An Elden Ring player sees a small pole jutting out of the ground with the messages, "If only I had a giant... But hole..." written next to it.

Sometimes, Elden Ring players go from relentlessly horny to longing for a partner. Often I’ll approach a breathtaking vista – of which there are many – and I’ll see clusters of “gorgeous view ahead” followed by admissions of loneliness. “If only I had a lover...”.

Then, of course, you’ve got the turtles that are dogs – a good chuckle from me. In Elden Ring, any animal can be labelled a dog. But I’ve come to appreciate the less prevalent “lever” left next to levers. They are the perfect message: informative, simple, dreadfully obvious. So obvious that you’ve taken the time to read the message in front of the object you’ve already clearly identified as a lever. Stunning.

An Elden Ring players reads the message "lever" next to a lever.

The football chant remains my favourite genre of Elden Ring message, though. You’ll encounter these when turning your camera to face towers or magical gateways without obvious entry points. After the initial disappointment or puzzlement of the situation, you can always count on a “O you don’t have the right O you don’t have the right” to hammer home the situation. All the better if you image an arena at full capacity, plastic beer cups in the air, flags painted on bellies, all belting it out in unison. Some performing the "tosser" hand motion just to rub it in.

There is something remarkably creative about the finest player messages. They stick together phrases and words which you wouldn't think would work, but somehow, they marry perfectly. Perhaps even more impressive is the grotty imagery they're able to evoke with the strict confines of a PG dictionary. And they don’t hold back. Once something sticks, the repetition helps cement them as a good joke. And even if it's not that funny initially, like "lever", for instance, the more you see it, the more it begins to crack you up.

An Elden Ring player reads the message, "O you don't have the right, by the way you don't have the right, O you don't have the right".

I’ve gone from one extreme to the other since Elden Ring’s launch, and you might think that the world being awash with terrible messages has muddied my experience of the game somewhat. Where before I’d felt like I was part of a small band of adventurers, now I’m very much running behind the pack, relying on any scraps of info they feed me, accurate or otherwise.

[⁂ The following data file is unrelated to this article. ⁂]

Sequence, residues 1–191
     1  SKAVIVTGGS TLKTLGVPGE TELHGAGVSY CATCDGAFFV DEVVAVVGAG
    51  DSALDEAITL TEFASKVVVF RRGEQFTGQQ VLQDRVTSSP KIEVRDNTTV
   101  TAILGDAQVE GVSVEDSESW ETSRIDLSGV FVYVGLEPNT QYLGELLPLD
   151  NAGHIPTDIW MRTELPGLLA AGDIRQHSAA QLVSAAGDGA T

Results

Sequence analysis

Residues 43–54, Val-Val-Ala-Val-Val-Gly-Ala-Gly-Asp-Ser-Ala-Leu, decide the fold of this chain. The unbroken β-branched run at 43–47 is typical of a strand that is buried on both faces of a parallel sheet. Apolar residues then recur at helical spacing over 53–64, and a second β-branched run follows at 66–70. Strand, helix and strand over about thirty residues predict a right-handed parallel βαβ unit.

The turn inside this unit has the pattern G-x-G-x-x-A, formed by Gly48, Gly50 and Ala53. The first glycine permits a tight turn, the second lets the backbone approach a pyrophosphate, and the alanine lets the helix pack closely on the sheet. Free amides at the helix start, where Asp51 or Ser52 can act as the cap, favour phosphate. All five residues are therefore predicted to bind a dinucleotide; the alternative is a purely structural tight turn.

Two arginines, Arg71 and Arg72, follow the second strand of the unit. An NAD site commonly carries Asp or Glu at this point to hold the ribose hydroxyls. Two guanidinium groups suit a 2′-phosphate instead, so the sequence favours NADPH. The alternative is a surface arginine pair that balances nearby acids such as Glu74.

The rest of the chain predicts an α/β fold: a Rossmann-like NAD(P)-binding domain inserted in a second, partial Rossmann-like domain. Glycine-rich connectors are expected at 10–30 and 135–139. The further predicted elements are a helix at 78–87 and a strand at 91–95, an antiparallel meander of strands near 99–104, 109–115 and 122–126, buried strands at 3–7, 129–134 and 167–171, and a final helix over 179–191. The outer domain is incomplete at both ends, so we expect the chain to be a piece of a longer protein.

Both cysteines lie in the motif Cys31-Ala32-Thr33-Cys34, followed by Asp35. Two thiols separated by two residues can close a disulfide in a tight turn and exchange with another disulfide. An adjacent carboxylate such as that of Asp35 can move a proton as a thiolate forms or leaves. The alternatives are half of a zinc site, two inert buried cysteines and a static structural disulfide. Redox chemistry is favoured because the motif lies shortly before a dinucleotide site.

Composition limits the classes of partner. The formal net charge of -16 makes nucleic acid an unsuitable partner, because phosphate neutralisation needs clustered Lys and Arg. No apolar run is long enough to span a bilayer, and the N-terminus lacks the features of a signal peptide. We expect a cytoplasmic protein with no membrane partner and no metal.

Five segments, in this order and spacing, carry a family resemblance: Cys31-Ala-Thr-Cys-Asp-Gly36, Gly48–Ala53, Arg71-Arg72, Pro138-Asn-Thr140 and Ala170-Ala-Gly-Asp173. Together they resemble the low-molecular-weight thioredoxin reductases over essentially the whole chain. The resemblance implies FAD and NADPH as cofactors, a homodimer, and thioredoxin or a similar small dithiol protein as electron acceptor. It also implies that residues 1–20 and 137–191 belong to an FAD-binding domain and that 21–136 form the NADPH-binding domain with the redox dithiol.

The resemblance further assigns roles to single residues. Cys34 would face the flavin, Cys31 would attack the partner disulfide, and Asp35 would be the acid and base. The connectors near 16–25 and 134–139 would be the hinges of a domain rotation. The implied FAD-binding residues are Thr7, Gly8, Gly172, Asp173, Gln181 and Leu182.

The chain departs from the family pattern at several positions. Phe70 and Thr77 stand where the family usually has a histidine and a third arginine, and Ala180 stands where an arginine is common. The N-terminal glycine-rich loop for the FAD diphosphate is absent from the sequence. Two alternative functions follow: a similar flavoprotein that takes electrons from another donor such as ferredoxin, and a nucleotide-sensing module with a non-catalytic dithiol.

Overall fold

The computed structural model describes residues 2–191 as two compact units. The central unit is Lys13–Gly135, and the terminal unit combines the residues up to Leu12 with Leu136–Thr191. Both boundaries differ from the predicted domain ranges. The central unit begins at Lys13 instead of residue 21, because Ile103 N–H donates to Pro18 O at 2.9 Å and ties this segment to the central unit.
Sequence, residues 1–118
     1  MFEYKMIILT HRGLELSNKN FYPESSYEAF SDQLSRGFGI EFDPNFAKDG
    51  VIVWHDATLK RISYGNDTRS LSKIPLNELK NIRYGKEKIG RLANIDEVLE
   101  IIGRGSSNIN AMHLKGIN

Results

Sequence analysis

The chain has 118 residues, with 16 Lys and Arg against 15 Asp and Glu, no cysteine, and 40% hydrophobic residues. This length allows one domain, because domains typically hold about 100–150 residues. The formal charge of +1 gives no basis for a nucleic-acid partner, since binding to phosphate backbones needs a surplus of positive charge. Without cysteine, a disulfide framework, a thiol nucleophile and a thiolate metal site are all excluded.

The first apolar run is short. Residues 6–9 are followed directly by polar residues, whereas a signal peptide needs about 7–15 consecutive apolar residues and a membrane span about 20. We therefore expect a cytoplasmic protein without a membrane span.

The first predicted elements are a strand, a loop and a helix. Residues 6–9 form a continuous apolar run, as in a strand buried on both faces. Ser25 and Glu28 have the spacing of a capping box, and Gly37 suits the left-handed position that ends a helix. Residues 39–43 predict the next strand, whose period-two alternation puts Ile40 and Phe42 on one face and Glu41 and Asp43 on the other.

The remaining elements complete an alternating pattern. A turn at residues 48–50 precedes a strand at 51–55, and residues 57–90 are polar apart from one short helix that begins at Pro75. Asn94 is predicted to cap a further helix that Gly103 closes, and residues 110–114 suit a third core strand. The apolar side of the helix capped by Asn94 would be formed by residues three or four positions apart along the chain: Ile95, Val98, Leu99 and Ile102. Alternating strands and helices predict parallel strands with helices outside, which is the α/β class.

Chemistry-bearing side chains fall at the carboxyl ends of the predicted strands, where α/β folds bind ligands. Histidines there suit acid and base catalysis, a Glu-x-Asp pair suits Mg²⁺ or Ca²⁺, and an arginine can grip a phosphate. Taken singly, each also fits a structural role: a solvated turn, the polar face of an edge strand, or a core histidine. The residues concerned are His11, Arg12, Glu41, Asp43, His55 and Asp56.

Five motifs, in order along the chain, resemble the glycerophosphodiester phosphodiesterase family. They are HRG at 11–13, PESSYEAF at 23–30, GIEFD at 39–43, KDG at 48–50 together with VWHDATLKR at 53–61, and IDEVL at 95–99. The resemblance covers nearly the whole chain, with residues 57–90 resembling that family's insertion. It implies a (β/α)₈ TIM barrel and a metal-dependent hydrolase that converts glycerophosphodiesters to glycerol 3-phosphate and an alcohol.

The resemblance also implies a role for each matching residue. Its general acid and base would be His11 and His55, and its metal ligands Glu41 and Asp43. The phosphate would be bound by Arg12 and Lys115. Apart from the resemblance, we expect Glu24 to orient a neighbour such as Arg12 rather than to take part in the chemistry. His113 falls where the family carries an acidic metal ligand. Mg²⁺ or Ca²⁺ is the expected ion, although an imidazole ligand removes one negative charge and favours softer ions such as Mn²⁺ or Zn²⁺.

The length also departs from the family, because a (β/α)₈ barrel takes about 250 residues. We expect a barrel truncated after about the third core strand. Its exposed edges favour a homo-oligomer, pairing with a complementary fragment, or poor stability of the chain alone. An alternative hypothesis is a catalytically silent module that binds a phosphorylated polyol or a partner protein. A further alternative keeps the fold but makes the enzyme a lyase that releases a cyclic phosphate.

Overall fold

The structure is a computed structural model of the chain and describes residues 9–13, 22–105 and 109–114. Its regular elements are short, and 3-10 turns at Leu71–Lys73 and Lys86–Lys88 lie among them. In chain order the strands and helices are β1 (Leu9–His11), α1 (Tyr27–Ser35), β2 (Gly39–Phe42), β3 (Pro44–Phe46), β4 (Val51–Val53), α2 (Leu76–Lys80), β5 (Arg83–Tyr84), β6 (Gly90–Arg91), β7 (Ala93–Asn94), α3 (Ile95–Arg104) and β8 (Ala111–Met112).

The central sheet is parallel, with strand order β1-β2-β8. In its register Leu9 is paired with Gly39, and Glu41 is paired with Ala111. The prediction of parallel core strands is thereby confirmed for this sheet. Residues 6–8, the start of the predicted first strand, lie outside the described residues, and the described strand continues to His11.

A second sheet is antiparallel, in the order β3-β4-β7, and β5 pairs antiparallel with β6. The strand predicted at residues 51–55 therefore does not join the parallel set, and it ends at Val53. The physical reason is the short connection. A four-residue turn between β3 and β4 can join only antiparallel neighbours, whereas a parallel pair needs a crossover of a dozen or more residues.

But I really don’t mind the awful chat. The messages may be silly or dumb or plain unhelpful, but they fit the world of Elden Ring very nicely. For one, it isn’t Balamory, it’s a horrible land filled with nasty creatures that want to flay your skin from your flesh and use it as a pair of curtains. Many of the messages are helpful in their own way, even if they're lies, because they provide some mild laughter in the face of misery. The very act of processing messages can also serve as a reminder to buckle up and watch yourself. You never know if a highly appraised message could be a collective duping from hundreds of players at your expense. I genuinely can't see myself every playing in offline mode. I've grown to love the buzz of terrible patter whenever I sit down for an Elden Ring drubbing.

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Elden Ring

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Ed Thorn avatar

Ed Thorn

Reviews Editor

When Ed's not cracking thugs with bicycles in Yakuza, he's likely swinging a badminton racket in real life. Any genre goes, but he's very into shooters and likes a weighty gun, particularly if they have a chainsaw attached to them. Adores orange and mango squash, unsure about olives.